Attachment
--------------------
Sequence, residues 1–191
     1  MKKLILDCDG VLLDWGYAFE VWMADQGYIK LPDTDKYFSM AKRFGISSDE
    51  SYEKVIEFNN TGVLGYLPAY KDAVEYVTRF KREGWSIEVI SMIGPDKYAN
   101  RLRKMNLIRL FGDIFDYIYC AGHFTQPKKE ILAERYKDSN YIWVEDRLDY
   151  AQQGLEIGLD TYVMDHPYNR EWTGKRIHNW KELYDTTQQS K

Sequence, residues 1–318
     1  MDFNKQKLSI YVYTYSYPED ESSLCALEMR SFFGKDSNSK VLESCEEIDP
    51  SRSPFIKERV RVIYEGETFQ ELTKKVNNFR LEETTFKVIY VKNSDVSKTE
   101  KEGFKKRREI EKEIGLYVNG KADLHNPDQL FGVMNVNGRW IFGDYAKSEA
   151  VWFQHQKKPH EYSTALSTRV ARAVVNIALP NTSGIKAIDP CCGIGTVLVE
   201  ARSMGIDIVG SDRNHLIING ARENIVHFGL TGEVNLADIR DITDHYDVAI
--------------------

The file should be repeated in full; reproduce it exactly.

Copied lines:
Sequence, residues 1–191
     1  MKKLILDCDG VLLDWGYAFE VWMADQGYIK LPDTDKYFSM AKRFGISSDE
    51  SYEKVIEFNN TGVLGYLPAY KDAVEYVTRF KREGWSIEVI SMIGPDKYAN
   101  RLRKMNLIRL FGDIFDYIYC AGHFTQPKKE ILAERYKDSN YIWVEDRLDY
   151  AQQGLEIGLD TYVMDHPYNR EWTGKRIHNW KELYDTTQQS K

Sequence, residues 1–318
     1  MDFNKQKLSI YVYTYSYPED ESSLCALEMR SFFGKDSNSK VLESCEEIDP
    51  SRSPFIKERV RVIYEGETFQ ELTKKVNNFR LEETTFKVIY VKNSDVSKTE
   101  KEGFKKRREI EKEIGLYVNG KADLHNPDQL FGVMNVNGRW IFGDYAKSEA
   151  VWFQHQKKPH EYSTALSTRV ARAVVNIALP NTSGIKAIDP CCGIGTVLVE
   201  ARSMGIDIVG SDRNHLIING ARENIVHFGL TGEVNLADIR DITDHYDVAI